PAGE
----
Ted Cruz might be considering a run for the presidency in 2016.
Then again, he might not.
The junior U.S. senator from Texas still has time to ponder his future, but as any politics-watcher will tell you, the time can run out quickly. As Cruz considers whether to seek the Republican presidential nomination in three years, he’ll face some questions that aren’t altogether unique to him.
His place of birth could become an issue.
Cruz recently set off a bit of a tempest when he released his birth certificate. He was born in Canada to an American mother and a Cuban father. Is he qualified to run for president? Cruz says “yes.” Constitutional scholars tend to agree, noting that Article II says only a “natural born Citizen or a Citizen of the United States” is eligible to hold the office.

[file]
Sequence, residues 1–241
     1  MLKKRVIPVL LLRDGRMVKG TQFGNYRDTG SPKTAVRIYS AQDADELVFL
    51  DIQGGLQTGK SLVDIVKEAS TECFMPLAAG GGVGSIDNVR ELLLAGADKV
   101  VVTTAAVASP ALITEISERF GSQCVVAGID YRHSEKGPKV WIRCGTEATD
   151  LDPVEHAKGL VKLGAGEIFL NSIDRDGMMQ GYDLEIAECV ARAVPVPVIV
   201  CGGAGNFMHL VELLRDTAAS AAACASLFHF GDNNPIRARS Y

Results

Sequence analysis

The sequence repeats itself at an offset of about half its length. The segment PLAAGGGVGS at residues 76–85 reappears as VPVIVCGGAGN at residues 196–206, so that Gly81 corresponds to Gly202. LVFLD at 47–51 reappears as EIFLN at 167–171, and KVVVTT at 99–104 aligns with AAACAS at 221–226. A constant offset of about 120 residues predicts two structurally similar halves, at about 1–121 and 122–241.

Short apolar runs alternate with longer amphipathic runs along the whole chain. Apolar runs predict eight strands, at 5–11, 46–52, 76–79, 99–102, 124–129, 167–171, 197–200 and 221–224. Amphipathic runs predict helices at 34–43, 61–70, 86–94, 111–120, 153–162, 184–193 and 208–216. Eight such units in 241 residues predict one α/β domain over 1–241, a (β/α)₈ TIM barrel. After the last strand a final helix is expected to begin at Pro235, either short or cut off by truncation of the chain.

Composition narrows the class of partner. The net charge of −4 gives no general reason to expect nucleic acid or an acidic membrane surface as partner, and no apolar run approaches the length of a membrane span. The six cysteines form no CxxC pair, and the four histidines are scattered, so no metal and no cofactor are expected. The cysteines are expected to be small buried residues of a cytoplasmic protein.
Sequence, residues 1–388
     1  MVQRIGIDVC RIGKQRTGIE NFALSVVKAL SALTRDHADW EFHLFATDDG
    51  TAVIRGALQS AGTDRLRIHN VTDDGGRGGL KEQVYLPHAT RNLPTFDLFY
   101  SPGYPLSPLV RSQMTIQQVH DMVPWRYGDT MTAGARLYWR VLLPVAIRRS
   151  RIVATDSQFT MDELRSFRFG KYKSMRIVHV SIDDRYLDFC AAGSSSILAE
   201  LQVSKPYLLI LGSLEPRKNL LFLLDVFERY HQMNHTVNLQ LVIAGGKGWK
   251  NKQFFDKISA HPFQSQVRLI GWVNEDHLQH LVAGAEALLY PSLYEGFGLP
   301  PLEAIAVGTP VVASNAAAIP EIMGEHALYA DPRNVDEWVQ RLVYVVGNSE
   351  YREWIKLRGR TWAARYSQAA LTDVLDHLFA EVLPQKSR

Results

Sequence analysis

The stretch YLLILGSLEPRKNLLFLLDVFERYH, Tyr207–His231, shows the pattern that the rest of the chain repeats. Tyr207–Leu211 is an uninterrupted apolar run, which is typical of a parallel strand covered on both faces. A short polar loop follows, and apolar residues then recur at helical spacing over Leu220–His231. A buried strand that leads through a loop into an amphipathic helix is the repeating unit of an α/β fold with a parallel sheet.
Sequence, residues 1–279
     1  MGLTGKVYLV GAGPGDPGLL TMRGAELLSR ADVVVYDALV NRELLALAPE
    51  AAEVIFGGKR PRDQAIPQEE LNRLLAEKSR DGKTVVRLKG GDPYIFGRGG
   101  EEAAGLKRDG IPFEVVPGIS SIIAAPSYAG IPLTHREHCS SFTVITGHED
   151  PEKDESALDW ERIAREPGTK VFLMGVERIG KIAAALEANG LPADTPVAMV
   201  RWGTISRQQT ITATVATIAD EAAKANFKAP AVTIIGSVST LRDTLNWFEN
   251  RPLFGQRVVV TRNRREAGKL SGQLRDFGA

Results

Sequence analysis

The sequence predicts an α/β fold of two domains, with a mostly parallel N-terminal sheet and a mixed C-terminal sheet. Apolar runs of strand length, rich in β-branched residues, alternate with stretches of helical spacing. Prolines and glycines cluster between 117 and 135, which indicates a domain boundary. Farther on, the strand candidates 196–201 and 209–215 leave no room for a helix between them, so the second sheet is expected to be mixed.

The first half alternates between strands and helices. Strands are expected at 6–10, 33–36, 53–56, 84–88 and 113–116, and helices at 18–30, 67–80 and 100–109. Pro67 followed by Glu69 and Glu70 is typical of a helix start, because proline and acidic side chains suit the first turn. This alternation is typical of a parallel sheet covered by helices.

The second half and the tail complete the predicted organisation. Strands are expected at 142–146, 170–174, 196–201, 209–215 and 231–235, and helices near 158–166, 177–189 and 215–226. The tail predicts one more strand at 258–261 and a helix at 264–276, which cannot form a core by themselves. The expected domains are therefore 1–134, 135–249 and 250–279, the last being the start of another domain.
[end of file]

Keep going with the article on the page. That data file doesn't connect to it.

Cruz says his mother’s citizenship makes him a U.S. citizen by birth. End of story … perhaps.
It gets a little complicated, though. He also is a Canadian citizen, but Cruz announced his intention to surrender his Canadian citizenship and become a U.S. citizen exclusively — which he says would clear the way for him to run for president, if that’s what he wants to do.
Does this sound familiar? It should. President Obama faced some questions during his first term in office. Critics alleged he wasn’t born in the United States, despite the president’s assertion that he was born in Hawaii — to an American mother and a Kenyan father. Obama then settled the issue on his own by presenting a birth certificate to prove he was born in Hawaii.
All of this “birther” discussion is certain to take away from issues that ought to matter for whomever runs for the presidency. Ted Cruz, who is no stranger to intense legal and political debate, surely will be up to the challenge.